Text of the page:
The Bridge of Sighs is a covered bridge that was built in 1913-14 by Sir Thomas Jackson, to link the two Hertford College sites that sit either side of New College Lane. Although the bridge is said to be named after the Ponte dei Sospiri in Venice, it bears a striking resemblance to the Ponte di Rialto which spans the Grand Canal.
Hertford College started life as Hart Hall in 1284 and became Hertford College by Royal Charter in 1740. It has had a chequered history: it was blighted by having few endowments in its early days, and at one time was reduced to one student and one half-mad Fellow residing in a neglected building. It was rescued by banker TC Baring in 1874 and recovered its college status and financial health under the long rule of Henry Boyd (1877-1922). It was during this time that Sir Thomas Jackson (1835-1924) was commissioned to build a new chapel, hall and second quad for Hertford, plus a bridge to link the two parts of Hertford, known today as the Bridge of Sighs.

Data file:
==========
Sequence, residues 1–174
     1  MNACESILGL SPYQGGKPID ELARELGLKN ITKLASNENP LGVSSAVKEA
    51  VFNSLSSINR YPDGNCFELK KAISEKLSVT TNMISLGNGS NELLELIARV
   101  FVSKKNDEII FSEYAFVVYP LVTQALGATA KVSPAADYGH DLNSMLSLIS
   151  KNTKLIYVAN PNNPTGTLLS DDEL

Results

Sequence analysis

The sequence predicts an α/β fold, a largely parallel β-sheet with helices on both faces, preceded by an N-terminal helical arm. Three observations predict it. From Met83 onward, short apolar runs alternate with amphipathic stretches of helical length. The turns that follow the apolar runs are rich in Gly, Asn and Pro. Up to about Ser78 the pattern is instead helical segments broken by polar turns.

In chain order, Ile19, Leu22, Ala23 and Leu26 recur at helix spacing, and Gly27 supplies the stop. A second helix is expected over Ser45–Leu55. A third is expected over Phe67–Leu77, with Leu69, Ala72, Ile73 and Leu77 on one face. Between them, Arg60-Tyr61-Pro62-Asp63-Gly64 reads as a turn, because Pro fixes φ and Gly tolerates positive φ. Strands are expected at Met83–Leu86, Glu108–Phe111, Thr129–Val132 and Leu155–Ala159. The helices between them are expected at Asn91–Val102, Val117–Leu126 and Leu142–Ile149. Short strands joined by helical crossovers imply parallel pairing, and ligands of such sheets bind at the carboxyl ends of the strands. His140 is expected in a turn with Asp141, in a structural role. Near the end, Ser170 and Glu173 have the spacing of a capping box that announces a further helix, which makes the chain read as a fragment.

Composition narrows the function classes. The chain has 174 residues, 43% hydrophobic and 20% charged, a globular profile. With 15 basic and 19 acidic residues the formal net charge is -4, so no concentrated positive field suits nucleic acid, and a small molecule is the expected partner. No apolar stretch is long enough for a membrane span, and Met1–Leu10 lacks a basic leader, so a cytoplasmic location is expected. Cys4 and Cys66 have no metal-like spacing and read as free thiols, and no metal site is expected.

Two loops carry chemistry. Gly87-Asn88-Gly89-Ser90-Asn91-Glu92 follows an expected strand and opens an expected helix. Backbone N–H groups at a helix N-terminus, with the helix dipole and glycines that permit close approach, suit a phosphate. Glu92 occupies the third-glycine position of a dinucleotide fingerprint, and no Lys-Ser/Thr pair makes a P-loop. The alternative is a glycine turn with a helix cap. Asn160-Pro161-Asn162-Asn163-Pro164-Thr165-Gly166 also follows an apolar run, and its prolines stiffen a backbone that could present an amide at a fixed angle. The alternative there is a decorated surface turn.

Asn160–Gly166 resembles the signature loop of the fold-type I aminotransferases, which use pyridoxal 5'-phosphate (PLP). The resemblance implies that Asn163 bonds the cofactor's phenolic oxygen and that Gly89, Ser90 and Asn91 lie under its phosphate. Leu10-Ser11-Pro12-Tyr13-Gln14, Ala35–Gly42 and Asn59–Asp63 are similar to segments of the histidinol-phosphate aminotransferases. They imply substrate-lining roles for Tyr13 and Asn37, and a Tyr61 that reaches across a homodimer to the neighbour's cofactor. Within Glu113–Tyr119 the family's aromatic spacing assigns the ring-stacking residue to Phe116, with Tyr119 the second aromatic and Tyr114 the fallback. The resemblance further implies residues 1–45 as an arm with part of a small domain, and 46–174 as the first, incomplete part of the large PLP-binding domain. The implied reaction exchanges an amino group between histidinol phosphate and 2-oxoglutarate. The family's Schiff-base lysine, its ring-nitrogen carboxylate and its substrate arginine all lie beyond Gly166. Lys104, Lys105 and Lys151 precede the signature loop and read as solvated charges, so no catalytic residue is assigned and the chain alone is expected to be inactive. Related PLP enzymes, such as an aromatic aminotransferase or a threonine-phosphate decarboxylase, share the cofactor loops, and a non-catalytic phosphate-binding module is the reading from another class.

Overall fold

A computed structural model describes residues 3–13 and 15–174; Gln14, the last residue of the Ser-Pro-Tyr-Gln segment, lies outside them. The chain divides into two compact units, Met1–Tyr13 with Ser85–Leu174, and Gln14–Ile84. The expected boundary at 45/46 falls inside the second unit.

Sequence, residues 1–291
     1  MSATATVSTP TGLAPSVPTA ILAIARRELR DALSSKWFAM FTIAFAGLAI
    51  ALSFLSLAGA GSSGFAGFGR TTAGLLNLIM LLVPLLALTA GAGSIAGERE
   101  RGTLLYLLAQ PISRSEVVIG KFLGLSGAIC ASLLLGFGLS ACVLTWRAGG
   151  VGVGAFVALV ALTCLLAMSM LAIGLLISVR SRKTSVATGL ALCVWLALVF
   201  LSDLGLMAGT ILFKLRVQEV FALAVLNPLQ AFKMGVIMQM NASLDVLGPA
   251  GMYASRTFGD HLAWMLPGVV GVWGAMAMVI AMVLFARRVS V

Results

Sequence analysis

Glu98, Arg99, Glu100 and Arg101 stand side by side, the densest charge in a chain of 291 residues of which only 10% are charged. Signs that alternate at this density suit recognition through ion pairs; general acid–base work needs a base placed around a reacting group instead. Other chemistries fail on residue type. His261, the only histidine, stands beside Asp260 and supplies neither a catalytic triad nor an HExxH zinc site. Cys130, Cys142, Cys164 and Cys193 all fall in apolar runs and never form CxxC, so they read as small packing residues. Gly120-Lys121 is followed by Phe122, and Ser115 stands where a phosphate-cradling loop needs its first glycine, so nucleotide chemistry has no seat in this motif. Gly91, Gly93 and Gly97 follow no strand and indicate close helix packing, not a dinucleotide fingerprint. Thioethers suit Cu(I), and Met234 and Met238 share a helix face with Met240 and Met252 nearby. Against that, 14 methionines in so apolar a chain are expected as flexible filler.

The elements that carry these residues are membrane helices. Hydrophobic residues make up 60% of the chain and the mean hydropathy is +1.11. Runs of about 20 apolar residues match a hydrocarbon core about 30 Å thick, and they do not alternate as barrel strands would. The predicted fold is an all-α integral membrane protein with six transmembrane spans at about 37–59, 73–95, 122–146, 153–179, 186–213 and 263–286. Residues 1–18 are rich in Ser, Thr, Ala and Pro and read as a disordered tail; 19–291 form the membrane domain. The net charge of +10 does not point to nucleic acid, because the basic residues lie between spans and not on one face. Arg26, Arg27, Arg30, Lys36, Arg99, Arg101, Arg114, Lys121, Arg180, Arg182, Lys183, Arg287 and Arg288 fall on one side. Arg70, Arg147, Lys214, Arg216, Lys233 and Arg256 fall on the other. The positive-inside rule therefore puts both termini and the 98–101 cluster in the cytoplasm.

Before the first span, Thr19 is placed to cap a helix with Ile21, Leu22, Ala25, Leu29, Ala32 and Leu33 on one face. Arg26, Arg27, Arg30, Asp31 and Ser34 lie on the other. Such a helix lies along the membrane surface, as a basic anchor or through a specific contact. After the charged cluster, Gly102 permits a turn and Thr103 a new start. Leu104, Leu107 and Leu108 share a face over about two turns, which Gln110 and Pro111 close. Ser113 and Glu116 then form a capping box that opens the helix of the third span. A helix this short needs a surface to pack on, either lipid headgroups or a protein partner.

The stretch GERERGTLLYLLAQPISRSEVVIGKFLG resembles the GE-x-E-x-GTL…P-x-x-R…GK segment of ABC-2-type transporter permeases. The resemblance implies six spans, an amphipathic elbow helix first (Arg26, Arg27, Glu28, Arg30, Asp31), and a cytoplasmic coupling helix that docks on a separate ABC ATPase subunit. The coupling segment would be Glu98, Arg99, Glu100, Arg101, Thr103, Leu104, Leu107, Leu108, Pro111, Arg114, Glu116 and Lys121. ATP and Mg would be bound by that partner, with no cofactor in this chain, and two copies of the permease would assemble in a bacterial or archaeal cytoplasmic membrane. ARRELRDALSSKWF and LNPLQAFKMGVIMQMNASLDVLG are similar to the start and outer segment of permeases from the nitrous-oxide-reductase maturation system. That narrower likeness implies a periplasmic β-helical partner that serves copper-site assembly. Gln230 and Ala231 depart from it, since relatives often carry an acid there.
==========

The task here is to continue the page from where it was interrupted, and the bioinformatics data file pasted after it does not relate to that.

Today, visitors are drawn to Hertford by its association with ex-Hertford student Evelyn Waugh and his portrayal of the college in his book Brideshead Revisited and has 120 undergraduates,
100 postgraduates and 24 visiting students.